While Sochi is a coastal town on the Black Sea, the skiing events for the XXII Olympic Games are taking place about 40 kilometers (25 miles) inland. The venues are clustered around Krasnaya Polyana, a small town tucked between the Aibiga and Psekhako Ridges in the western Caucasus. This image—acquired by the Advanced Land Imager (ALI) on NASA’s Earth Observing-1 (EO-1) satellite on February 8, 2014—offers a view of the town and the ski facilities.
The Rosa Khutor Alpine Center is the home to the downhill, snowboard, and freestyle events. The combined downhill skiing area measures about 20 kilometers (12 miles) in total, with the men’s downhill course stretching 3,500 meters (11,482 feet) and featuring a 1,075-meter (3,526 foot) change in elevation. The highest lift climbs to the summit of Rosa Peak, which rises 2,320 meters (7,612 feet). While not being used for the Olympics, the nearby Black Pyramid mountain has downhill skiing trails as well.
The same steep slopes that make Rosa Peak good for skiing also elevate the risk of avalanches. To protect against falling snow, planners installed a series of gas pipes along the top of the ridge. The pipes emit bursts of oxygen and propane that create small, controlled avalanches. Event organizers also installed a series of earthen dams to steer snow away from infrastructure, and they have deployed two backhoes to the top of Aibiga Ridge to knock cornices away before they pose a risk.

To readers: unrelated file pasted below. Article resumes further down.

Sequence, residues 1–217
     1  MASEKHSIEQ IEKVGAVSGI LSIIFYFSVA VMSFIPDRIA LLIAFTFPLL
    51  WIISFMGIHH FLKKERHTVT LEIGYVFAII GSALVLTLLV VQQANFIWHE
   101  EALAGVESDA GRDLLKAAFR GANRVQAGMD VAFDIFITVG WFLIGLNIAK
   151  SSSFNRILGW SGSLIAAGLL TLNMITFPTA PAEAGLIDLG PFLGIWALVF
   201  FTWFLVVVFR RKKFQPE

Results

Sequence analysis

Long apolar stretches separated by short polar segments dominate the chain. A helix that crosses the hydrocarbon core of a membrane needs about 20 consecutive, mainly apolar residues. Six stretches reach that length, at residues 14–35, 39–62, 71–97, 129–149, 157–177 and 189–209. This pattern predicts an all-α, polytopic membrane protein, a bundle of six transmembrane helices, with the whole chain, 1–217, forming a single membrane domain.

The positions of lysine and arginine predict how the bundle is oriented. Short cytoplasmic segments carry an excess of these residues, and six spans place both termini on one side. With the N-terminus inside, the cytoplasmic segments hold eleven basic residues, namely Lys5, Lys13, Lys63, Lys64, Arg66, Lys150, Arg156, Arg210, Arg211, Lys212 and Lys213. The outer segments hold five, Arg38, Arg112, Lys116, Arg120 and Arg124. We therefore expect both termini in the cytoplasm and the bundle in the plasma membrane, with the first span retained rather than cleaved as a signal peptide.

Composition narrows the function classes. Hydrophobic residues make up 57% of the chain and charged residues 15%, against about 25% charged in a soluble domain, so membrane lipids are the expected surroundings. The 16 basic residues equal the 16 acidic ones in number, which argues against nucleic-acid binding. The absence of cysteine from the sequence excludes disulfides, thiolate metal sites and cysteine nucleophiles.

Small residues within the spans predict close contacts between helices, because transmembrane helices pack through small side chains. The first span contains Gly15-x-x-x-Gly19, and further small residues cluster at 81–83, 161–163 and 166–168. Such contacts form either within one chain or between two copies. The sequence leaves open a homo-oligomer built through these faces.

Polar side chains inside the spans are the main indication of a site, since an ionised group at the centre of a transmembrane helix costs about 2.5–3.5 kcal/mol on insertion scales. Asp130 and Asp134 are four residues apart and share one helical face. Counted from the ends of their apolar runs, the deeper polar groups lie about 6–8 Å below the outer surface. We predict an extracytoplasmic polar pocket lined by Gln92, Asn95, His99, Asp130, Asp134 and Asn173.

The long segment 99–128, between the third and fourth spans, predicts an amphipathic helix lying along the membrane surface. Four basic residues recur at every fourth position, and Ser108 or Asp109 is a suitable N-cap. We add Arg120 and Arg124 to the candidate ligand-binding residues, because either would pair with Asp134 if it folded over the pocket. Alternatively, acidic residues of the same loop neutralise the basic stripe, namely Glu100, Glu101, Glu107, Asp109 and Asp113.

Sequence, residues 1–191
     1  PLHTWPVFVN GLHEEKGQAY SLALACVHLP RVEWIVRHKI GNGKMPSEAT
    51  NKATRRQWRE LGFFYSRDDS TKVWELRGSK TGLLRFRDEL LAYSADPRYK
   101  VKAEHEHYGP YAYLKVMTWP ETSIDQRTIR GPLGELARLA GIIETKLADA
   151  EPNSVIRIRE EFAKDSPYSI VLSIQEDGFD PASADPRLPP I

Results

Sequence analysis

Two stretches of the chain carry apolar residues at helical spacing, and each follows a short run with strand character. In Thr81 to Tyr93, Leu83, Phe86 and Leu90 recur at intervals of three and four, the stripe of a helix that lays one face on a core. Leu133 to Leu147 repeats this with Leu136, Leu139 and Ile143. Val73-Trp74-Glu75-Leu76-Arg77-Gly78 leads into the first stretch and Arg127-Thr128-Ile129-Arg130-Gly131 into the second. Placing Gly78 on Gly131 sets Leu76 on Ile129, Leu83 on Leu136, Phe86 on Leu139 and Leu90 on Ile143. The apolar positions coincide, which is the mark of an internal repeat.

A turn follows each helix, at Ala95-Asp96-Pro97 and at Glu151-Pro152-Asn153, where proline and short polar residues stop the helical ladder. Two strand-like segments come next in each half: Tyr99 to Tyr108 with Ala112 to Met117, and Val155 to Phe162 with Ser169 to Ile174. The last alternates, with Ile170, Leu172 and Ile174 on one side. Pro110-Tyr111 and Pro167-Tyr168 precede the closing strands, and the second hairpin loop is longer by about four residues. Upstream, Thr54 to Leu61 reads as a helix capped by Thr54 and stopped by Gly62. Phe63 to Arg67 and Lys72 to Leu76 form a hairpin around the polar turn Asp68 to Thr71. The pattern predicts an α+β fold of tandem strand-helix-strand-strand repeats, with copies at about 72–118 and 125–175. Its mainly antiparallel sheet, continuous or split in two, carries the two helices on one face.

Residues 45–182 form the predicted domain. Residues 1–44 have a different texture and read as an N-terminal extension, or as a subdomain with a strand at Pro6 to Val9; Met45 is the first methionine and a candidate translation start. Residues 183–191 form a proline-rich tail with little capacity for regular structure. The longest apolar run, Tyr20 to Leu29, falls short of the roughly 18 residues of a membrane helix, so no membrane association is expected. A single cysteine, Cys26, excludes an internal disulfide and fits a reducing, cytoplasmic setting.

The Laura Cross-country Ski and Biathalon Center is located to the north on Psekhako Ridge. It includes two stadiums, each with their own start and finish zones, two track systems for skiing and biathlon, as well as shooting areas and warm-up zones. The center is named for the Laura River, a turbulent river that flows nearby.
NASA Earth Observatory image by Jesse Allen and Robert Simmon, using EO-1 ALI data provided courtesy of the NASA EO-1 team. Caption by Adam Voiland.